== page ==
One of the issues these bigger voices often come in with is [that] they have been told since age 18 that they need to sing quietly. So then they get tight and don’t support properly and develop all sorts of issues you then have to fix. But people will say, “They need to be able to sing quietly.” And they will be able to. But until you can sing at the natural level of the voice, it’s very hard to do so. I’m not necessarily advocating giving 18-year-olds Wagner to sing, but sometimes it makes sense. Singing “Du bist der Lenz” is much less damaging for the voice than doing, say, “Dove sono” [Le nozze di Figaro]. That’s because Wagner writes long lines,and a bigger voice takes longer to get into the breath, to get into the line. And Wagner never requires that you absolutely have to do it until you feel the stretch of the breath. So you never have to slam the cords, you never have to slam the voice. If you sing Wagner properly, it can actually be much healthier than lots of other composers. The reason some people get into a tizzy about it is if you don’t have the right voice for it, people try to make the right voice, so they push because they think they have to sing loud.

If there’s one thing my students come away with it’s that Wagner is not loud. If you have the voice to sing it, then you can do it. If you don’t, don’t sing it. When I was about 22, I did a concert with Sir Reginald Goodall, who was a wonderful coach and conductor. We did the Liebes­tod[Tristan und Isolde] in a concert for Prince Charles and Princess Diana, and [when] we got to the big climax, he stopped me and said, “My dear, it’s only marked with two f’s.” And I held that in my mind for the whole of my career. In fact, Wagner almost never wrote [anything] louder than two f’s. That should tell you something. He also required a Brünnhilde who could trill; all three Brünnhildes have a trill. So, if he expected a voice that could trill, he didn’t want a voice that was pushed because then you couldn’t trill. It’s more to do with whether the quality of the voice is the right sound for the repertory rather than trying to make it big and heavy, which is never how it should be.

For bigger voices, indeed for any voices, it’s important to do some florid music. Coloratura is good to study. It’s just that it’s harder for big voices. If I had a dollar for every time I’ve sung the eight bars of coloratura in Donna Anna’s “Non mi dir” [Don Giovanni], I could probably retire to Jamaica. I think I’ve literally sung it a million times. My teacher gave me a Handel piece after the first few weeks I had studied with him, and he told me this is how you practice this piece, these runs. Now you have to go and figure it out. So I locked myself away for two or three weeks, and eventually I was able to do it.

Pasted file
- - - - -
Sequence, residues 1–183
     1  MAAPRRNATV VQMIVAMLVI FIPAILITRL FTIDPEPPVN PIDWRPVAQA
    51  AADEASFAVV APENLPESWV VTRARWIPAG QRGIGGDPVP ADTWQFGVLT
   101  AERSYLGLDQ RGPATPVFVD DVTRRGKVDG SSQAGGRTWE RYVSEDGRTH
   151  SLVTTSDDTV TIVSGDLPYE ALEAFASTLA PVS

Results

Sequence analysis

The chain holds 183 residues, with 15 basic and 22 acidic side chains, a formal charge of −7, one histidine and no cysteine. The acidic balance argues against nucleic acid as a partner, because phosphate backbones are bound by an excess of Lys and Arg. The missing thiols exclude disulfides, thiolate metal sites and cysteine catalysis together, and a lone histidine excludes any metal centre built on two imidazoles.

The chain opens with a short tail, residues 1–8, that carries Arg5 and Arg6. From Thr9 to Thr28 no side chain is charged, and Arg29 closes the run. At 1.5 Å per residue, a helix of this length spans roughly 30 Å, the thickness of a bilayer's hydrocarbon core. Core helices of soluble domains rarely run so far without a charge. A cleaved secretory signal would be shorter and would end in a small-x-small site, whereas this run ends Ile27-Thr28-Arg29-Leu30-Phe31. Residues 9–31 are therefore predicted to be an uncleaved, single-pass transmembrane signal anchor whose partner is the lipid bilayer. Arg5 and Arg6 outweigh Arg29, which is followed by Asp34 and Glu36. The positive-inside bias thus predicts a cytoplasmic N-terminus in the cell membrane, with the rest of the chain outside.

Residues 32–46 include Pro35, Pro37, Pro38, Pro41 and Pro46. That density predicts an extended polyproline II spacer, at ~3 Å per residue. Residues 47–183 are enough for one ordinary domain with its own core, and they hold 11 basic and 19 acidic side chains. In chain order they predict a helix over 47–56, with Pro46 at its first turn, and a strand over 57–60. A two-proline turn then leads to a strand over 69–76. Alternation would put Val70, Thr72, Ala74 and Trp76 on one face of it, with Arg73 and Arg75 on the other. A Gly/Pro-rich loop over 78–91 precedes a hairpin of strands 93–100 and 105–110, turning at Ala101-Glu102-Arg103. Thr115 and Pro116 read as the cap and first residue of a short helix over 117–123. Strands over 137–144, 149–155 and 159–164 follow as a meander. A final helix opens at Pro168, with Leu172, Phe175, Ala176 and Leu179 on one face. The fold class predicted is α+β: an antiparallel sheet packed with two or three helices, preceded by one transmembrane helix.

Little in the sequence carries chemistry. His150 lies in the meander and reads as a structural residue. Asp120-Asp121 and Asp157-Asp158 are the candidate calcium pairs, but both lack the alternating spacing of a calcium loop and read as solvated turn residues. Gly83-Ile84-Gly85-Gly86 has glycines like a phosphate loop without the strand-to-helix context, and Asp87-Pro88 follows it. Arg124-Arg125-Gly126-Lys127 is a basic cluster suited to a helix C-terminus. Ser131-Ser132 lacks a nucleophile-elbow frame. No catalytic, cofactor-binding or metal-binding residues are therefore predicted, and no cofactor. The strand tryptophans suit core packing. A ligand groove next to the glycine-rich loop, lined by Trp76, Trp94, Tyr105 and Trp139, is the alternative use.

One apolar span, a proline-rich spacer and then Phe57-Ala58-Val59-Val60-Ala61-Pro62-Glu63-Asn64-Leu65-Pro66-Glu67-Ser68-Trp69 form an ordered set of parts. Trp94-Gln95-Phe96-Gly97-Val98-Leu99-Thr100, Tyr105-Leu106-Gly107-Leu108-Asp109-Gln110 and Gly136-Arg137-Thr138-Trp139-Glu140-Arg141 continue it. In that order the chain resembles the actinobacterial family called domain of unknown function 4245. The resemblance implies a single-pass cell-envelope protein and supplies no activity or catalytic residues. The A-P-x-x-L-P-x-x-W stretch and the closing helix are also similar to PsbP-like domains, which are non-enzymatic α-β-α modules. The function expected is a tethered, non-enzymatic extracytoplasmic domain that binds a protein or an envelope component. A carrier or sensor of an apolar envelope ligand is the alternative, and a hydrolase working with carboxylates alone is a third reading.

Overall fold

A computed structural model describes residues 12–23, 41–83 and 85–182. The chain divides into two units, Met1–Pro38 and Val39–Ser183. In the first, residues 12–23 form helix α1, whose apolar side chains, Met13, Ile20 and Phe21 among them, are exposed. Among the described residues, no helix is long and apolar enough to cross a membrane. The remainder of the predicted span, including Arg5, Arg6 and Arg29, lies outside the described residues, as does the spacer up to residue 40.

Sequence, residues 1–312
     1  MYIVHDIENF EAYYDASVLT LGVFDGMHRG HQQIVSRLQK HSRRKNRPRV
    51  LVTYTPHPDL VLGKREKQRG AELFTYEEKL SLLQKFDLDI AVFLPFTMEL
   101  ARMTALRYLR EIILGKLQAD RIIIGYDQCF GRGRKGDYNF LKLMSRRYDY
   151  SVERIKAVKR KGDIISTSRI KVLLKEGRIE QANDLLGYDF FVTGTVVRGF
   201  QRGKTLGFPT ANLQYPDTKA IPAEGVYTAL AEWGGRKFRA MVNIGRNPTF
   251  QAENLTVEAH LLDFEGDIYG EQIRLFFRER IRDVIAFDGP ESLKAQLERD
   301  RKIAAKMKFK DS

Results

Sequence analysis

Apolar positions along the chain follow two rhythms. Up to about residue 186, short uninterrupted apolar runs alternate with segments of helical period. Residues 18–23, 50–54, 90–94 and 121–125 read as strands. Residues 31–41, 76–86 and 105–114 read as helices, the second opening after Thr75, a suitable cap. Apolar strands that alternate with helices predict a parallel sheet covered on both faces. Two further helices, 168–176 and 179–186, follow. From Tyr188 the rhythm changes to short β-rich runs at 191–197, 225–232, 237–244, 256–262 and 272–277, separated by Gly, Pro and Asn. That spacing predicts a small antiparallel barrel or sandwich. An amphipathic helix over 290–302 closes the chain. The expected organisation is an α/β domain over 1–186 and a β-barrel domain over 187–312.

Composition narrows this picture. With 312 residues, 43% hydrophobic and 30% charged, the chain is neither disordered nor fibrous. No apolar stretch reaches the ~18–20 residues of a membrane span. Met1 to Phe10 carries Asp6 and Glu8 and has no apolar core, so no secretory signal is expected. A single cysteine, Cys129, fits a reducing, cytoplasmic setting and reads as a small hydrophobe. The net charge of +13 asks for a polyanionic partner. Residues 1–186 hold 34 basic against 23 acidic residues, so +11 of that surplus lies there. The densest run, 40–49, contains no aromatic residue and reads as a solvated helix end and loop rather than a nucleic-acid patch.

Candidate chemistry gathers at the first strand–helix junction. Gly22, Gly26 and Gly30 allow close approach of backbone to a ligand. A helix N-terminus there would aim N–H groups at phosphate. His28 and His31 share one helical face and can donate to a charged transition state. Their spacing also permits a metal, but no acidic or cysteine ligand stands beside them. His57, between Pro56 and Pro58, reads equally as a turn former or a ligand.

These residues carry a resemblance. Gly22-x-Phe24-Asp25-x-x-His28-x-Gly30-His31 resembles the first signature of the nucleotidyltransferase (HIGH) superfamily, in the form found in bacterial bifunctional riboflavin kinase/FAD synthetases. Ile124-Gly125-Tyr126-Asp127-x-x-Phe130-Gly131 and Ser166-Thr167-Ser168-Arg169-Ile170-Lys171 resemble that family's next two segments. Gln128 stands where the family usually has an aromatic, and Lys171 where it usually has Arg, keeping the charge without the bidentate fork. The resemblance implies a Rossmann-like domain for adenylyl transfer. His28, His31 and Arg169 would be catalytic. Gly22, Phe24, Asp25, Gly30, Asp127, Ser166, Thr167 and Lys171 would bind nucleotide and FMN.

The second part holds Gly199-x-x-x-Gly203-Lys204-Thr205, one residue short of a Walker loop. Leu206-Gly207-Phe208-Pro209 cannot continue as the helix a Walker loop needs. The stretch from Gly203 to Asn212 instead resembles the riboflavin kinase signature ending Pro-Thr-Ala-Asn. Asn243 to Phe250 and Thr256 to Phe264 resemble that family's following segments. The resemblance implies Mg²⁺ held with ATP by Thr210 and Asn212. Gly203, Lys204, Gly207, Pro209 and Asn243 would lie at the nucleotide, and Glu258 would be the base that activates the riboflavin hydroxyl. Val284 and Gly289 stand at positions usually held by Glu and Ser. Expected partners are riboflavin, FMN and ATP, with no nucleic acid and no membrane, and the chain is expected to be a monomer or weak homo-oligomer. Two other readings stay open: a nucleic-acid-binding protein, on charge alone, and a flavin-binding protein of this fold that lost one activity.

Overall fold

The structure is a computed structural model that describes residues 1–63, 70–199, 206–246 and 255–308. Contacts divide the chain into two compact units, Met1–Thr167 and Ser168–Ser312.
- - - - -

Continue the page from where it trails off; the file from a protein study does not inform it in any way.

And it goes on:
I remember being kind of shocked the first time a student said to me he didn’t know how to practice. Practice is what you do to get something perfect. Of course, we’re all human, and perfection isn’t possible, but you keep trying. So you don’t stop until you get it right. That to me just seems common sense. That tenacity was not something I had with my piano playing, but somehow with the singing I felt I have to get this right. I try to instill this determination in my students, but sometimes when I tell my students that I’ve done something a million times, they think I’m kidding. No, I’m not. Over the years, it’s that!

I’ve always wanted to teach, and I absolutely love it. And I’m really lucky to have some wonderful students. But not only do I teach them how to practice, it’s also about how to approach the career. I’ve had experience that not everyone has had, and it’s always felt important to me to pass these things on.


For information about NEC’s An Evening in Valhalla, December 10, at 7 pm, in NEC’s Jordan Hall, go to NEC’s website at http://necmusic.edu/event/13166 or call 617-585-1260.

Ellen Pfeifer

Ellen Pfeifer is Senior Communications Specialist at the New England Conservatory